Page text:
I was also hoping for a Kraken romance and was a little disappointed when it wasn’t real.

    Marjorie Liu has a 1/2 Kraken in one of the Dirk & Steele books.

  21. 21
    Kate Jones says:

    Were Squid just made my night.

    Also, I think book trailers don’t usually work because they are purely artificial—showing partial clips of something for which there is no whole (they didn’t make a movie of the book, did they?) is just too much of a stretch.  Not to mention that static pictures with woozy animation and over-dramatic voice-over don’t cut it under any circumstances. 

    I think this worked because it was funny, cleverly delivered, and stood on its own.

  22. 22
    liz m says:

    Oh. My. Goodness.

    That Libba Bray link just sold me a book from a trailer for the first time ever. I don’t even care if the book sucks, I just want to pay her for those moments of awesome.

  23. 23
    andy becketh says:

    Very great story, the trailer gives us more knowledge ,ideas, and leanings. It is good to know that your internet t1 keep on posting meaningful stories.

  24. 24
    April says:

    If anything, book trailers tend to turn me off.  Maybe I would have thought about it if I ran into it on a shelf, but now that I have horrible swirly stock photography to associate with the title in my mind…

    I think the true genius in Maggie Steifvater’s video is that it feels like a direct connection to the author, sharing her sense of humor, etc. Instead of trying really hard to make it look as professional as possible (and still falling horribly short because btw those television commercials we all think of as the minimum standard still tend to cost the companies that make them tens to hundreds of thousands of dollars), she acknowledged that it wasn’t all that professional and had some fun with it. If you just add up the amusing parts and one liners in her video at face value, it’s a bit funny, but if she’d had oodles of cash and an agency to throw at it I think it would have gotten less funny.  Instead, the presentation made it more funny.  Which is genius.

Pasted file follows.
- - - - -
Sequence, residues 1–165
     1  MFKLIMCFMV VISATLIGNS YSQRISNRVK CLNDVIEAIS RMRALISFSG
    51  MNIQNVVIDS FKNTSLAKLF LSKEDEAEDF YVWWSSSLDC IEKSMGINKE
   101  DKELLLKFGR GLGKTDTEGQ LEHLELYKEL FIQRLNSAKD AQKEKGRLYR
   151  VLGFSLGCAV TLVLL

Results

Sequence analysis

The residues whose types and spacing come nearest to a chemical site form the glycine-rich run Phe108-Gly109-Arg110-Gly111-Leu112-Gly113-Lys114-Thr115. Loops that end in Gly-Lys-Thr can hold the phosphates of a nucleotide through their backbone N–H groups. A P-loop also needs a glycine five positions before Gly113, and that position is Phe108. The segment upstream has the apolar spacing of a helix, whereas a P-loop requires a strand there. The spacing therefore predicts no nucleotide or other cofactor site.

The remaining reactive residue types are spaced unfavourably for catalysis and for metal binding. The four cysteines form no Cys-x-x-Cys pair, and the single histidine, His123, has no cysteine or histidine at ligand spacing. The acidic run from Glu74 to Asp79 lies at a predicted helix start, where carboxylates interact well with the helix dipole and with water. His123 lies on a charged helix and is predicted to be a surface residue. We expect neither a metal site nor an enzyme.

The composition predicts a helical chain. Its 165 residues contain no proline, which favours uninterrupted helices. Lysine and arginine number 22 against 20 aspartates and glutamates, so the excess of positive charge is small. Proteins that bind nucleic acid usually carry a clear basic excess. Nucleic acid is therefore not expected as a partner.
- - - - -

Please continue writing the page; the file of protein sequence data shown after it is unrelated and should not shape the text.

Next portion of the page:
Because seriously “a fairy turns into a toaster.”  “No, uhm he just turned into a toaster… it was magical.”  No one around the water cooler tomorrow is going to understand why I’m chortling.

  25. 25
    Ellen says:

    Penny-arcade took on this very topic and not too long ago- here.

    I wonder if they saw this trailer…

  26. 26
    Jane O says:

    WHere on earth does one come across book trailers? (Just want to know where to avoid.)

  27. 27
    M. Nightingale says:

    The people who brought us Pride and Prejudice and Zombies have just released Sense and Sensibility and Sea Serpents.

    Speaking of kraken.

  28. 28
    M. Nightingale says:

    Oops, someone else already mentioned that. Scooped!

  29. 29

    Like you said in this post, if the trailer is different – if it’s creative and fun, then I’m definitely interested. Like this one! I have watched it three times and it makes me smile:


  30. 30
    Diana says:

    I’m not sure when I laughed harder – when the toast popped up or during the segment featuring Titanic music.

    This trailer worked for me because it was designed for people who READ. I don’t generally like videos for books. But the cue-cards where text, which appealed to my senses as a reader. Plus, they were really clever.